Giving thanks

Our friends at the Claremont Institute have posted a lovely reflection on “Giving thanks” with links to President Washington’s original 1789 Thanksgiving Proclamation and President Lincoln’s 1863 reaffirmation. The Claremont reflection concludes:

As our soldiers fight and die in Iraq and around the world, we should remember the wartime wisdom of Lincoln and the founding wisdom of Washington on Thanksgiving Day. Guided by prayer, we should recall our higher purposes. We enjoy the fruits of our leisure this Thursday on account of the wisdom and sacrifices of others present and past.

Reading the Washington and Lincoln proclamations, we are in need of an explanation of “The Political Theology of Thanksgiving,” thoughtfully provided by Joseph Knippenberg.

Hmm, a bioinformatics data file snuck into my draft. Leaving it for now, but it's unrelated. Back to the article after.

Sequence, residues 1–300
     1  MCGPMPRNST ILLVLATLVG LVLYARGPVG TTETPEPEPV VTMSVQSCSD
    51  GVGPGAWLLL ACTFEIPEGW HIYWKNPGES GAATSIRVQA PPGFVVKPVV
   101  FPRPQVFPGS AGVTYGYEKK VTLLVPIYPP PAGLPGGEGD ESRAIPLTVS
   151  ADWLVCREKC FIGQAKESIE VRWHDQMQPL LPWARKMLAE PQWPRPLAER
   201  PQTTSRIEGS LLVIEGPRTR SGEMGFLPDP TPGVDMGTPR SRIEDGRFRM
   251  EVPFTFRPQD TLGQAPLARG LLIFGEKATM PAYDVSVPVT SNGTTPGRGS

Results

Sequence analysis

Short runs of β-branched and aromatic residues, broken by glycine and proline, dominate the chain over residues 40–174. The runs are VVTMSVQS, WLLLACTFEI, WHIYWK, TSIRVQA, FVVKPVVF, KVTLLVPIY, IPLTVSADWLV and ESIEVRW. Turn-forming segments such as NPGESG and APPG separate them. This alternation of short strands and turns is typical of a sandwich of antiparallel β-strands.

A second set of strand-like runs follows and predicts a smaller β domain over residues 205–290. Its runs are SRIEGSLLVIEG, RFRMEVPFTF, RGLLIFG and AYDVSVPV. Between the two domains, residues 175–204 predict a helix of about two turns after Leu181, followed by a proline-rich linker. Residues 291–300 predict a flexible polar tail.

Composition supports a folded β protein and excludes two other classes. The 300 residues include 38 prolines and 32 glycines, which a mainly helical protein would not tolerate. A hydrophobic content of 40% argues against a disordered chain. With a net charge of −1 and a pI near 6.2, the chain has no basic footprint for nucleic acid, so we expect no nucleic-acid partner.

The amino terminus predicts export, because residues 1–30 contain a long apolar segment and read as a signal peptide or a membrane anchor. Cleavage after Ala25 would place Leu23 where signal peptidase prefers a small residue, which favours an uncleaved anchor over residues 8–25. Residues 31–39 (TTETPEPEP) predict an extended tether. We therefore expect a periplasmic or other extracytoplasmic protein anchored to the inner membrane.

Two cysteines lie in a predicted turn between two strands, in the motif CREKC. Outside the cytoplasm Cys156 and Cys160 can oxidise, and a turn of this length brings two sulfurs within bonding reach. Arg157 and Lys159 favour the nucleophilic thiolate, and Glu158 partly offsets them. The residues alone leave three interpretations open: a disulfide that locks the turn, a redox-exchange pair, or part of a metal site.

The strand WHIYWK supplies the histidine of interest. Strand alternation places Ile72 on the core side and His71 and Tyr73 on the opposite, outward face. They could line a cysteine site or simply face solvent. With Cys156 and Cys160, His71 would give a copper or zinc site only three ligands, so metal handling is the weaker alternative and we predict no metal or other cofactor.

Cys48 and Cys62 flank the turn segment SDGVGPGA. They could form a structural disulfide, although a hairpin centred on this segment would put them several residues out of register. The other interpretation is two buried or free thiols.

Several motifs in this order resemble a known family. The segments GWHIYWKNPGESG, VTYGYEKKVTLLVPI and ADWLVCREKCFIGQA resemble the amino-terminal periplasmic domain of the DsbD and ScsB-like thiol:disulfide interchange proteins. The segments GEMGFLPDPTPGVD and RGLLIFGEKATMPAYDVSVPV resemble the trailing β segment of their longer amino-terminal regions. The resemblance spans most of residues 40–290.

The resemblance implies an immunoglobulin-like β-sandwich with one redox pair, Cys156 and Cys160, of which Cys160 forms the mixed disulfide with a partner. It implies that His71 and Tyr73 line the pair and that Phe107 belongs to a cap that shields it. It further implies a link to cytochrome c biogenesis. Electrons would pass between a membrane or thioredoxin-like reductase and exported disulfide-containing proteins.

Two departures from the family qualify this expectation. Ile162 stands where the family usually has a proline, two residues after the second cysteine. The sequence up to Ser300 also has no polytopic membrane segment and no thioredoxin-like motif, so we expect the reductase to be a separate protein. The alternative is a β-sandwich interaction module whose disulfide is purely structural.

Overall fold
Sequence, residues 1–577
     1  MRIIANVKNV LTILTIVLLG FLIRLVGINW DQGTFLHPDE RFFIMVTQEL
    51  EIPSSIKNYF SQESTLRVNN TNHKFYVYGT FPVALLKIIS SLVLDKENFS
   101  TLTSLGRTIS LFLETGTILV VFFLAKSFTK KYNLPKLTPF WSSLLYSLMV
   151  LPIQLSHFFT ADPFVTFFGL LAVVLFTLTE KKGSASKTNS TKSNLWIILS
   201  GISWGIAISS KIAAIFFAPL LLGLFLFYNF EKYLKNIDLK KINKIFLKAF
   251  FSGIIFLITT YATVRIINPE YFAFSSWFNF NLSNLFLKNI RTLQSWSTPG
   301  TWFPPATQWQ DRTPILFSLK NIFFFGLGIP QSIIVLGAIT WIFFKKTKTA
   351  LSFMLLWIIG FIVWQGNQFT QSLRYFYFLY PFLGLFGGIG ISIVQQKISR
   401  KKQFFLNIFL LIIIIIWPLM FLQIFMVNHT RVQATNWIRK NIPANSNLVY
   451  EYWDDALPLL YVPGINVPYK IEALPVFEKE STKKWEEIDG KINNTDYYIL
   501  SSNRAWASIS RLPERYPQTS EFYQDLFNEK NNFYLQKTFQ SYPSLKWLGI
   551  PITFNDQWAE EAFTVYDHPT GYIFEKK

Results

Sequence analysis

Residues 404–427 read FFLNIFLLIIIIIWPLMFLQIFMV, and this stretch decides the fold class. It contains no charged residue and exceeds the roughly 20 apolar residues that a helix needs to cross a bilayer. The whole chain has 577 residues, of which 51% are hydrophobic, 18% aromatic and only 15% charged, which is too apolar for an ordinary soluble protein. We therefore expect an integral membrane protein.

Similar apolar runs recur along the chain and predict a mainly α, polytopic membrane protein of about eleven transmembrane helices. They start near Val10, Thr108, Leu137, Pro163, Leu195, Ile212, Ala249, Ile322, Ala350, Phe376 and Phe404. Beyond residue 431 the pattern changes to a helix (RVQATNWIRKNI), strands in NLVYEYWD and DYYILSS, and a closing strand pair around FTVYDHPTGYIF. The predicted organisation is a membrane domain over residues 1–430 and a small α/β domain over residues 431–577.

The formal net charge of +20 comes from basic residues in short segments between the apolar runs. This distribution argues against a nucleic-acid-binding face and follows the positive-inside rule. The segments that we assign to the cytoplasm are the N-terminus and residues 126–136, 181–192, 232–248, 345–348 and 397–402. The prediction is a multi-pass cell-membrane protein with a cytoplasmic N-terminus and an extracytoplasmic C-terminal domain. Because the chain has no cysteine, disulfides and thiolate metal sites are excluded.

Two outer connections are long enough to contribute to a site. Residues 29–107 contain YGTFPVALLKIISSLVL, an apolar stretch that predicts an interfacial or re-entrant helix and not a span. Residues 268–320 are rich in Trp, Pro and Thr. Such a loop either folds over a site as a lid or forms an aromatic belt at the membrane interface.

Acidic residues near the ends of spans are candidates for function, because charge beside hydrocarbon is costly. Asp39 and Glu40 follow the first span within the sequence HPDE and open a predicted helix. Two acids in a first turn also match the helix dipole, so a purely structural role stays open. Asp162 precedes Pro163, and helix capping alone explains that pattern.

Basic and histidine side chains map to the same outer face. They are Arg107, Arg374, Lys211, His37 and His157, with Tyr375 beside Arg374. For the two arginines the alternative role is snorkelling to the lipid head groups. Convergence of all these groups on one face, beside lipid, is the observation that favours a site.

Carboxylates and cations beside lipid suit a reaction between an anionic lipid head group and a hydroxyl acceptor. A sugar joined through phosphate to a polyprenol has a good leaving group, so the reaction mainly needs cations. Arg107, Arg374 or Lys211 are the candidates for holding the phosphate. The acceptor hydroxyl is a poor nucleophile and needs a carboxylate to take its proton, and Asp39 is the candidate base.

At The Remedy, Matthew Peterson recalls the April 1777 letter from “a depressed John Adams” to his wife Abigail in which Adams concludes:

Is it not intollerable, that the opening Spring, which I should enjoy with my Wife and Children upon my little Farm, should pass away, and laugh at me, for labouring, Day after Day, and Month after Month, in a Conclave, Where neither Taste, nor Fancy, nor Reason, nor Passion, nor Appetite can be gratified?

Posterity! You will never know, how much it cost the present Generation, to preserve your Freedom! I hope you will make a good Use of it. If you do not, I shall repent in Heaven, that I ever took half the Pains to preserve it.

We give thanks, and wish you a happy Thanksgiving.

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